The formation of identity and what it means for Miliband’s search for Englishness
Ed Miliband wants us all to be secure in our English identity. His speech yesterday sought to claim that because Scots benefit from having a Scottish identity alongside a British identity, then the English will too.
This is utter rubbish, and not just for the reasons that Owen Jones (rightly) gives, namely that an attempt by the Left to create a sense of English togetherness is a distraction from the real business of the Left: creating a sense of togetherness as a class.
The main reason Ed’s speech is rubbish is that it fails to pin down what identity actually is and how it is formed.
Let me try to do so here.
Charles Taylor sets it out in his seminal Multiculturalism and the Politics of Recognition:
[Identity] designates something like a person’s understanding of who they are, of their fundamental characteristics as a human being….[O]ur identity is shaped by recognition or its absence, often by the misrecognition of others, and so a person or group of people can suffer real damage, real distortion, if the people of society around them mirror back to them a confining or demeaning or contemptible picture of themselves (p25).
That is, our identities are always created as a reaction to what others make of us, and how they treat us.
Thus with the Scots. The Scottish identity is largely formed as a reaction to the domination and exploitation of Scotland by England, whether that be in the form of the highland clearances or the perceived stealing of oil revenues. That is why, despite best efforts, Scottish identity is still often expressed in terms of anti-Englishness.
And that is why there is no English identity comparable with that of the Scots. Quite simply, because the England was a dominant power for so long, because no other groups was in a sufficiently powerful position to “mirror back’ a contemptible picture of the English in a way that made the English sit up and take notice, it didn’t need its own fully fledged identity.
So what’s changed? Why now does Miliband feel the need to help us discover our Englishness?
The answer is that the ‘identity vacuum’ has been filled by a pernicious and intolerant nationalism. Think English flag, and you think BNP. This offends the liberal left, because it cuts right across its belief in equal rights of citizenship, irrespective of colour or creed, and the understandable reaction to this on the part of people like Sunder Katwala at British Future is to seek to develop a more inclusive sense of Englishness, open to all who live within England’s borders.
This is a laudable enough reaction to the racists who have ‘stolen’ the flag, but it doesn’t get to the bottom of why and how racist nationalism came to steal the flag in the first place. Only if we understand this, and deal with the consequences of that understanding, can we hope to develop anything like a proper unity of Englishness.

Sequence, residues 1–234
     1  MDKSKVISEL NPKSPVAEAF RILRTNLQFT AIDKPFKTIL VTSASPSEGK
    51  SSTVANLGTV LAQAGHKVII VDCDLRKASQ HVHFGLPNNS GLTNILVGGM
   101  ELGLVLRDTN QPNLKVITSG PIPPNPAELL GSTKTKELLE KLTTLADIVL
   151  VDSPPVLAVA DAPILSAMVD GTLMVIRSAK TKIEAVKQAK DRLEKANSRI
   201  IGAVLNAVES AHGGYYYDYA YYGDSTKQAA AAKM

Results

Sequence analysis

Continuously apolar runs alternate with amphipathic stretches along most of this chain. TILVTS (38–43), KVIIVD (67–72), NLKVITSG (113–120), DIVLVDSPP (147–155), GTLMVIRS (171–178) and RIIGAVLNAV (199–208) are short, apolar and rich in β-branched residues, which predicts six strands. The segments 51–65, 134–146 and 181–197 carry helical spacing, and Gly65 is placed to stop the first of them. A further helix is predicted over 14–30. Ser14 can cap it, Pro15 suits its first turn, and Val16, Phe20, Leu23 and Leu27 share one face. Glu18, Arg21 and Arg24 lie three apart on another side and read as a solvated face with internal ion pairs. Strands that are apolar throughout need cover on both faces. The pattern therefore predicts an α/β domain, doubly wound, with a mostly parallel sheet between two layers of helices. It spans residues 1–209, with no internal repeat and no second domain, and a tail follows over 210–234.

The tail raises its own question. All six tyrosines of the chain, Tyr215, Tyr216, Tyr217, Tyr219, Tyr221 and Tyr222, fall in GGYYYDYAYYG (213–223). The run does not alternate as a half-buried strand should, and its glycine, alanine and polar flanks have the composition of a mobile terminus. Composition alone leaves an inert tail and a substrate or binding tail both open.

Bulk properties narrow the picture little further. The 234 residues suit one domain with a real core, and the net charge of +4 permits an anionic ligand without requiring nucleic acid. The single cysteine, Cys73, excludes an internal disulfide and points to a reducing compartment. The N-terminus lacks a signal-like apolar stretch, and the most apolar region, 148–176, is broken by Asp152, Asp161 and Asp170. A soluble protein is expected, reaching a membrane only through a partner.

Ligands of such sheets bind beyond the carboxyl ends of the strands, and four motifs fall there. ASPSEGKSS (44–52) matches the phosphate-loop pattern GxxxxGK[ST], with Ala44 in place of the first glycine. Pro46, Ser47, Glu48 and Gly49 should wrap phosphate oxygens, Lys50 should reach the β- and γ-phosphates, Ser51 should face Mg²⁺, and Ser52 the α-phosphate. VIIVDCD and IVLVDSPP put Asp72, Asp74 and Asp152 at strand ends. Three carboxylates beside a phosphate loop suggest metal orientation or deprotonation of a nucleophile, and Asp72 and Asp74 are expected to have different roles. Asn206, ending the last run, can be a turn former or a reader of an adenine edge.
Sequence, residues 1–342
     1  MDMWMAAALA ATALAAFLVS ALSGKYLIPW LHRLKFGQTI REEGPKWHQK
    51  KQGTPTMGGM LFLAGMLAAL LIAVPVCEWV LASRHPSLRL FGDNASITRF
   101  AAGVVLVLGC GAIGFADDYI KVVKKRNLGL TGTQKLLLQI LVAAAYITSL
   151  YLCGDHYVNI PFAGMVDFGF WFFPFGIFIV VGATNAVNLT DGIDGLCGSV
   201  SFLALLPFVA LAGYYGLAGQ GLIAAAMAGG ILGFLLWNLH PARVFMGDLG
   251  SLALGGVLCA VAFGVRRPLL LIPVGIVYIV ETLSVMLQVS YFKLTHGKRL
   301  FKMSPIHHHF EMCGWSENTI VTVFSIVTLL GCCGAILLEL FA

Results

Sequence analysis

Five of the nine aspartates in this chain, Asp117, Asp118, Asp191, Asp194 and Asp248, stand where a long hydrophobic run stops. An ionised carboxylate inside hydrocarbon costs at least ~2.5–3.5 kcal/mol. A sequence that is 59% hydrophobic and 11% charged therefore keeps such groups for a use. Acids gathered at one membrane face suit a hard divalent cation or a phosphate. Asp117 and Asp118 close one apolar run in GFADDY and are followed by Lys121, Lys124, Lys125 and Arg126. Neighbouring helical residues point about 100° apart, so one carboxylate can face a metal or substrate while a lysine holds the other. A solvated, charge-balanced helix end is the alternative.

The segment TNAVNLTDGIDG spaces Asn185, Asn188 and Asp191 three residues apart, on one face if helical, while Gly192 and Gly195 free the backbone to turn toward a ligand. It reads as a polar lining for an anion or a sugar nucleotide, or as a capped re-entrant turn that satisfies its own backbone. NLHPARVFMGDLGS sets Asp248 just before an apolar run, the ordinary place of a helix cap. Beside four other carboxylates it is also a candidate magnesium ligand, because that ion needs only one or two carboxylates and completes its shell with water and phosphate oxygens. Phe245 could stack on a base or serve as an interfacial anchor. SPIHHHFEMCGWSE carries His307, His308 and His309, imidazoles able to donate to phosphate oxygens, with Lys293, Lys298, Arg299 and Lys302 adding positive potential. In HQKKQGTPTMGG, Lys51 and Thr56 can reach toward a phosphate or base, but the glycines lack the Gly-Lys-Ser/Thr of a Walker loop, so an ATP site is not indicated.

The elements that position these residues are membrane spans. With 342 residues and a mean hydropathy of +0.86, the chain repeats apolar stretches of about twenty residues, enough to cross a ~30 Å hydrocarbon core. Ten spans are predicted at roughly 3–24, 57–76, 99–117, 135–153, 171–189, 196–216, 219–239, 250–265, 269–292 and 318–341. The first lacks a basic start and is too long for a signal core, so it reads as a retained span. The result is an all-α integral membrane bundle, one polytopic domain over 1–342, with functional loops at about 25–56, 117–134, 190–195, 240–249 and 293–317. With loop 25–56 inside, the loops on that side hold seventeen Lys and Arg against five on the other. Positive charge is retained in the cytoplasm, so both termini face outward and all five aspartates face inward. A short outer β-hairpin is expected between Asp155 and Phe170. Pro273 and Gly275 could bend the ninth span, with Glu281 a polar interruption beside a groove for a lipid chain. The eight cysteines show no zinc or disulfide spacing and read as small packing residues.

To understand why Englishess has become equated with racist nationalism, we have to look at the bleaker side of our recent history; but less (contra Owen) at our behaviour as a colonial power, important though that is, and more at our domestic post-colonial, post-war history.
The facts are clear enough, and I have set them out in some detail here. After the war, Britain (but primarily England) needed workers for its public services, and the workers came, primarily from the Caribbean and South Asia. When they came, they received a huge amount of discriminatory treatment in terms of housing and education; they were, in effect, second-class citizens.
The key effects of this discrimination is that these ‘ethnic minorities’, as they became known, developed their own identities in relation and reaction to the ‘misrecognition’. People became self-consciously ‘Black British’ or ‘British Asian’ in their primary identity (as opposed to, say, becoming primarily a Korean-American, where the emphasis tends to lie with the American bit).
What happened was exactly as foreseen by the great sociologist John Rex in 1979:
[T]here are clear difference of life-chances between them and the white British…….Such differences of life-chances, if they were sustained over a period, would undoubtedly mean that consciousness of a common identity, common exploitation and oppression, and a common conflict with the host society would emerge and find expression in some kind of ethnic-class-for-itself.
From there, it is easy to see why Englishness-as-racism developed. What had begun as the overt racism of post-colonialism in the 1950s and 1960s was transformed into a statement of identity in the 1970s. This ‘Englishness’, perverted though it may seem to the liberal left, was largely formed in reaction to the strengthening of black and Asian identities, and the perceived ‘misrecognition’ of (seen as disrespect for) white people’s cultural norms.
If racist-nationalist Englishness is to be challenged in the way Ed Miliband and Sunder Katwala want – if the flag is to be taken back as the flag of all those who live within its borders – the Left needs to be clear about why it was lost in the first place. The Labour movement in particular needs to be honest about its own post-war history of racism, and how that created the ‘politics of recognition’ problems we have today, in which there is an unresolved (though expediently exaggerated) tension between the rights/duties of communities to their own identity and the more limited rights/duties of citizenship.
Only then can we really move on with the forging of a genuine spirit of inclusivity, which – if the theory of identity I set out here is correct – will soon cease to be called Englishness anyway, because there’s nothing specifically English about inclusion, and because national identity is always about the other, not ourselves.